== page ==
Category: one-col

The Vampire’s Wife: Stuff

Suzy Cave’s The Vampire’s Wife. Am indebted to her approach to beauty that plumbs artistic and dramatic strains across the universe, however curious, transgressive, or both.

Virginia Wolfe

Virginia has been much on my mind lately. Experimental way approaches her paragraphs — My LuLu du Lac loves how she starts to slip into passages with fingers running freely either side like its an open maze, where language funnels off and tunnels back in.

Sun through leaves breakaway breakaway open handed chasing seedpuffs that dehiscse on a hot day in Britian, Gorse bushes exploding pods sound almost like gunshots.

Unavoidable with participation, earnest interest, eagerness, shock, tenderness, injury, inquiry. Etc.

Clarice Lispector

She is an Angel for me. Influence very real even needy — but not nearly as traumatic. Startles yet brightens, exhilarates yet fights for it, reaches — as I reach, back for Clarice again and again —

“They would understand,” my LuLu equates out loud to herself. How must be able to work at peak intervals, engage with beauty — who as part of creation often dances with darker forces, battles “for real.” What leads body of hate back to surface of love. Sleeps tender with the undead. Tender yet monstrous, when love explodes with horror and light —

La Folie Charles Baudelaire

Vampire Poem, by Charles Baudelaire.

Leaves Open to Question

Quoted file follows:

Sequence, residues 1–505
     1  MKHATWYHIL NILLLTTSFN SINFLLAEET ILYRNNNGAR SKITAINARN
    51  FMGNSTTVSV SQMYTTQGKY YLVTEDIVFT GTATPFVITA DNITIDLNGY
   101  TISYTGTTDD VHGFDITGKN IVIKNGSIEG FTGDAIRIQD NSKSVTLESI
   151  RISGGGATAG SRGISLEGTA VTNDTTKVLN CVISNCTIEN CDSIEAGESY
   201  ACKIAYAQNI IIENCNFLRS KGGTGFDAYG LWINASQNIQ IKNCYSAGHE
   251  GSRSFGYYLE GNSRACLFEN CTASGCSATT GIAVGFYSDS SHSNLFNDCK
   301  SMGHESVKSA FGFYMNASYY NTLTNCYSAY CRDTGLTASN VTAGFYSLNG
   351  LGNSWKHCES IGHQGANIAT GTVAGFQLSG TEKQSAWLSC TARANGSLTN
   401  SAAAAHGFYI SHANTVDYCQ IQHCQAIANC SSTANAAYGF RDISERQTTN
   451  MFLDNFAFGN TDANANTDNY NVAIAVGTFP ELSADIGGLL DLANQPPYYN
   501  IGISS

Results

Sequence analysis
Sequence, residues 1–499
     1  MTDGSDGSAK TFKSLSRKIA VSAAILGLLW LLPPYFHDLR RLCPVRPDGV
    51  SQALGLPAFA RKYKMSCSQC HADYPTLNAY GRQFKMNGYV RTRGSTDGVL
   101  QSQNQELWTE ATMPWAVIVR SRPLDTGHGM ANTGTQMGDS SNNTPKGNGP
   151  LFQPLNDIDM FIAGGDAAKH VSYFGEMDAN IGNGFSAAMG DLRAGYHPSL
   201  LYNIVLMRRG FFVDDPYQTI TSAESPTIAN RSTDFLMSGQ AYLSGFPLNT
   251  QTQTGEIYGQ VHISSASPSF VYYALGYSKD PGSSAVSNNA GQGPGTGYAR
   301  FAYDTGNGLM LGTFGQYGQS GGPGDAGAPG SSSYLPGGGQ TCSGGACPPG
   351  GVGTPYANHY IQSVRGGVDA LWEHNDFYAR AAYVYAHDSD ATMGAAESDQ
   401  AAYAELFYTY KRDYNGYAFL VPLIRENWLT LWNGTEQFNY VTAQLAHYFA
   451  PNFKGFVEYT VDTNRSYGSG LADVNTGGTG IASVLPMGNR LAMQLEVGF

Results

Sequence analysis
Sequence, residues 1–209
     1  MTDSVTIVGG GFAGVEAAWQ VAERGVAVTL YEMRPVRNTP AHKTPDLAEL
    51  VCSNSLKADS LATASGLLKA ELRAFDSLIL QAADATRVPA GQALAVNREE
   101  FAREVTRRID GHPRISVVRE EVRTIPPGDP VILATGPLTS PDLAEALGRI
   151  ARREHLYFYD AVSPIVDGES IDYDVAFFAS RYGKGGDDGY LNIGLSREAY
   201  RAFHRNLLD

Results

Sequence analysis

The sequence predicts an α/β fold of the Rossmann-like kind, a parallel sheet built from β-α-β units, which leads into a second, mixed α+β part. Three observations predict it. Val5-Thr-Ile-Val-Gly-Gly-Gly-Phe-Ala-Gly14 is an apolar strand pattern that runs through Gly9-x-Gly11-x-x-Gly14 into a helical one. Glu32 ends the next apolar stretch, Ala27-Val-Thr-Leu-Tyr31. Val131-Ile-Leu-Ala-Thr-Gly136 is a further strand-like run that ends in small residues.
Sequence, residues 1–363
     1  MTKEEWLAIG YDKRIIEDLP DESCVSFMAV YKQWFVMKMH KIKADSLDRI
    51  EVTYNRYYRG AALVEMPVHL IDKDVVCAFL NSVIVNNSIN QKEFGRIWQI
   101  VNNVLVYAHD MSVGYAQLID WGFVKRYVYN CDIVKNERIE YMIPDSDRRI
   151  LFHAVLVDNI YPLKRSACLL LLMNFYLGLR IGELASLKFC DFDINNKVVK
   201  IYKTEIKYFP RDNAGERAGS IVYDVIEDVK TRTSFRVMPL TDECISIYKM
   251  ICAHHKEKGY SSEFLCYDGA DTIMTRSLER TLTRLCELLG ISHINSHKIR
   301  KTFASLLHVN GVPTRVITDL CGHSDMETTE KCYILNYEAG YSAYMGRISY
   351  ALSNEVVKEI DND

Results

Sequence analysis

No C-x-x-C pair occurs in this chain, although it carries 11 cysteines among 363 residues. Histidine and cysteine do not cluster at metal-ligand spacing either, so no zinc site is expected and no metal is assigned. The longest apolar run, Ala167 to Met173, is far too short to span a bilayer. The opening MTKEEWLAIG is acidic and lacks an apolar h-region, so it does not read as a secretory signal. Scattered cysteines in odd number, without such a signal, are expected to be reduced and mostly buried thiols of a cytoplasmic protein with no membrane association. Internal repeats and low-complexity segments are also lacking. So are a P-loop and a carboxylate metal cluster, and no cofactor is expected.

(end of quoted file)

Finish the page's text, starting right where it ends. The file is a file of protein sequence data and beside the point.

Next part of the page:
Les Fleurs Pensée sur l’Amour

Two books had super heavy influence on me very early on.

Ezra Pounds translation of Remy du Gormant’s The Natural Philosophy of Love. A later 1800’s serious tract about sexual instincts in animals. And translated with marked succinctness and intensity by the great Ezra. Loved it.

Also: The infamous In Praise of Folly. A satirical essay written by Erasmus of Rotterdam, first printed in June 1511. “Folly praises self-deception and madness and moves to a satirical examination of pious but superstitious abuses –” WIKI.

A comedy really. Found it a great relief to “wisdom” as heads in bible and prayers, scriptures that howled at my want of freedom — like an escaping thief. Who bothered to, dared.

Rouge et Noir

Soul, wilt thou toss again?
By just such a hazard
Hundreds have lost, indeed,
But tens have won an all.

Angels' breathless ballot
Lingers to record thee;
Imps in eager caucus
Raffle for my soul.

Skunk Hour

by Robert Lowell

(For Elizabeth Bishop)

Nautilus Island’s hermit 
heiress still lives through winter in her Spartan cottage;
her sheep still graze above the sea.
Her son’s a bishop. Her farmer
is first selectman in our village;
she’s in her dotage.

Thirsting for
the hierarchic privacy
of Queen Victoria’s century,
she buys up all
the eyesores facing her shore,
and lets them fall.

The season’s ill—
we’ve lost our summer millionaire,
who seemed to leap from an L. L. Bean
catalogue. His nine-knot yawl
was auctioned off to lobstermen.
A red fox stain covers Blue Hill.

And now our fairy
decorator brightens his shop for fall;
his fishnet’s filled with orange cork,
orange, his cobbler’s bench and awl;
there is no money in his work,
he’d rather marry.

One dark night,
my Tudor Ford climbed the hill’s skull;
I watched for love-cars .
Lights turned down,
they lay together, hull to hull,
where the graveyard shelves on the town. . . .
My mind’s not right.

A car radio bleats,
“Love, O careless Love. . . .” I hear
my ill-spirit sob in each blood cell,
as if my hand were at its throat. . . .
I myself am hell;
nobody’s here—

only skunks, that search
in the moonlight for a bite to eat.
They march on their soles up Main Street:
white stripes, moonstruck eyes’ red fire
under the chalk-dry and spar spire
of the Trinitarian Church.

I stand on top
of our back steps and breathe the rich air—
a mother skunk with her column of kittens swills the garbage pail
She jabs her wedge-head in a cup
of sour cream, drops her ostrich tail,
and will not scare.